October 2 2016 (C) twenty-Seventh SUNDAY of Year
A. The Bible as Guide in Life and Liturgy (Sunday Readings)
B. Reflection & Dialogue:
A. The Bible as Guide in Life and Liturgy (Sunday Readings)
First Reading (Habakkuk 1:2-3; 2:2-4). The upright man will live by his faithfulness. This is a very interesting reading, and also an important one from the point of view of God’s relationship with humanity, and also for the human mind’s understanding (or lack of understanding) of God’s ways. The prophet Habakkuk puts a direct question to God as to where he stands in the presence of obvious oppression and injustice without saving: “Why (O Lord) do you look on where there is tyranny?” This is a question older than Habakkuk and is still with us. We can give a date for this question of Habakkuk and the situation that occasioned it. Mention is made of the Chaldeans (1:6), a fierce and impetuous nation. The reference is to the Neo-Babylonian Empire that was victorious over the Assyrian Empire in 626 B.C., and became masters of Palestine from 609 onwards under the leadership of Nebuchadnezzar from 609 onwards, especially about the 600. Habakkuk tells us that as a prophet, one (as another prophet puts it) who can stand in the counsel of the Lord, he stood on his prophetic watchpost, keeping watch to see what the Lord will say and answer concerning his complaint. The Lord answered and told Habakkuk to write the vision down, and in plain easily readable writing so that passers by may read it. It would be a kind of road sign. The vision was thus intended not for Habakkuk alone. We are not explicitly told what the substance of God’s reply was, but it apparently referred to God’s concern for his people and to the righting of injustice. Its very ambiguity could give it wider significance. The oracle, the divine reply, is presented as having a force of its own, pressing ahead for its fulfilment, a fulfilment that would certainly come. But fulfilment need not be immediate, and patience is indicated as a requirement in case of delay. God’s ways are not the ways of humanity with regard to the fulfilment of prophecies. Habakkuk’s text envisages two different attitudes in this regard. One is that of the proud, whose soul is not right. The other is that of the just, the righteous, persons who will live by their faithfulness, faithfulness in the sense of steadfastness, ongoing adherence to God whose promise will come true. The prophet Habakkuk himself would be one of those, and could apply to himself the sentiment found at the end of the Canticle that completes his collection of prophecies (Habakkuk 3:17-19):“Though the fig tree does not blossom, and no fruit is on the vines; though the produce of the olive fails and the fields yield no food; though the flock is cut off from the fold and there is no herd in the stalls, yet I will rejoice in the Lord; I will exult in the God of my salvation. God, the Lord, is my strength; he makes my feet like the feet of a deer, and makes me tread upon the heights.”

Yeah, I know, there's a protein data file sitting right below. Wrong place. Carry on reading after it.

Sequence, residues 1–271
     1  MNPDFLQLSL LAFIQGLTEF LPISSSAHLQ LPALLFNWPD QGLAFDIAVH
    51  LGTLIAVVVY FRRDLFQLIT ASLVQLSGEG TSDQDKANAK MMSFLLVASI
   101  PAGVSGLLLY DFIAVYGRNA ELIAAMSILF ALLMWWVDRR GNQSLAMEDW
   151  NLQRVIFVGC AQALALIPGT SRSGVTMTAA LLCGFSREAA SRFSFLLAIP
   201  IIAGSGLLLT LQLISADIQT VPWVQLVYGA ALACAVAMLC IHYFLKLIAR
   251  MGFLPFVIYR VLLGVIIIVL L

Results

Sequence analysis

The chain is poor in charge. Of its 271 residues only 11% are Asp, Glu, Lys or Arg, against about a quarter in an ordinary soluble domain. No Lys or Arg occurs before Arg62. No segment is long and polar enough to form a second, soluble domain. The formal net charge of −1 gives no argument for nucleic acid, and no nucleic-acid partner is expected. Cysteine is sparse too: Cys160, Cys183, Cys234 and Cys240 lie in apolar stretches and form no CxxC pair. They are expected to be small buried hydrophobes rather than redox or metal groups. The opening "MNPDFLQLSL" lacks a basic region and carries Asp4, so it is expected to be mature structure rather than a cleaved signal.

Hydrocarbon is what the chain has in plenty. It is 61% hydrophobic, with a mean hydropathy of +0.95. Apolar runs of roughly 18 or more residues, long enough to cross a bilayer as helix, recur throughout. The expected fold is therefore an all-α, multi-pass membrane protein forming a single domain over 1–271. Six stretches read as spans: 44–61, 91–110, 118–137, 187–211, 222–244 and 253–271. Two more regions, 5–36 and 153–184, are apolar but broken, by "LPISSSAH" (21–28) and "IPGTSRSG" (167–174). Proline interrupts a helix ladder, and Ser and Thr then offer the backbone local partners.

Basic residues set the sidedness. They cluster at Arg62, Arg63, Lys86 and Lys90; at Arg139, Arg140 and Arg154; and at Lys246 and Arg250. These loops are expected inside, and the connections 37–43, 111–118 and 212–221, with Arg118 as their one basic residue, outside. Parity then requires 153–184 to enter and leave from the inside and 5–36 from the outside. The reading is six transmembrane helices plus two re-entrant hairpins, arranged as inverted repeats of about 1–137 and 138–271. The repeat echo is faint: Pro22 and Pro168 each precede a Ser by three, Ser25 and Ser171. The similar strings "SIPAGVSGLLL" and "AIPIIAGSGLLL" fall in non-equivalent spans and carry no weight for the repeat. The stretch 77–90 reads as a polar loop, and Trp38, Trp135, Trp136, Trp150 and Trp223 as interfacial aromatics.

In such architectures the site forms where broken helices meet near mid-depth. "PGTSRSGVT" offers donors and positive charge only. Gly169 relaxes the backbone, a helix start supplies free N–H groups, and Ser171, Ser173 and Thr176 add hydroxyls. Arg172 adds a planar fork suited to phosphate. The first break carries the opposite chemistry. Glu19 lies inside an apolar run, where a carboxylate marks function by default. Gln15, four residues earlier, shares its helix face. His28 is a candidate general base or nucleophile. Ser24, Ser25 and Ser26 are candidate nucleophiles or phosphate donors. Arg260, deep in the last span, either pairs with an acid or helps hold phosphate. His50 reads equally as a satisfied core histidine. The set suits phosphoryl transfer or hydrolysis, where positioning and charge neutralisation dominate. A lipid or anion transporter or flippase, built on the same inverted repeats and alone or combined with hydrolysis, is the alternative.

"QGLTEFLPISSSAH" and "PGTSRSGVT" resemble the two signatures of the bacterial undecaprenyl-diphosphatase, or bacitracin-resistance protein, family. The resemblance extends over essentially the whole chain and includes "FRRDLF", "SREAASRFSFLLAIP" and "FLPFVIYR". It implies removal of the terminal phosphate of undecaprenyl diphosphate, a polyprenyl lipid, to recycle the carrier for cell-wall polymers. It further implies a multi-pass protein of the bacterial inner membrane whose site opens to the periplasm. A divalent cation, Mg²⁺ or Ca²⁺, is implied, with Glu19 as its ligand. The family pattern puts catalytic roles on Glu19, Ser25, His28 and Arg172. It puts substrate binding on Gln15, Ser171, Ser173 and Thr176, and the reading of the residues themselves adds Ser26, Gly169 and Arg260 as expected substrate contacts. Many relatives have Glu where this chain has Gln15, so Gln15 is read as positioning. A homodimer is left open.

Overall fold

Responsorial Psalm (Psalm 94). O that today you would listen to his voice! Harden not your hearts.
Second Reading (2 Timothy 1:6-8, 13-14). Never be ashamed of witnessing to the Lord. As was mentioned on an earlier occasion here when introducing these letters, some scholars have expressed the view that in these Pastoral Letters we have what they regard as Early Catholicism, with aspects of teaching and practice which became common in the “Great Church” in the second century and later such as the apostolic succession and the deposit of faith to be safeguarded. Timothy is presented in this letter and today’s readings as the successor of Paul, who had laid hands on him sacramentally, from which certain divine graces flowed, He is now asked to fan into flame the divine gifts then given to him. Although fidelity to the faith and to the “deposit” is stressed in these letters, rather than on the gifts of the Holy Spirit, this does not mean that the Church has become “institutional”. God’s gift to her was not the spirit of timidity, but the gift of the Spirit of power, love and self-control. Part of the new age in which Timothy finds himself means readiness to suffer for Christ’s sake, in this case in union with Paul, a prisoner awaiting sentence of death. Such readiness is a gift from God. Often in these Pastoral Letters the recipients are warned to be on the alert for various forms of false teachings, which are not in keeping with the Gospel message, “sound teachings” as this reading calls it. The accepted teaching of the Church is here called the “deposit” of faith, to be defended, explained and handed on, not however as something of human origin, but as something precious, to be guarded with the help of the Holy Spirit who lives in the Church and in each believer.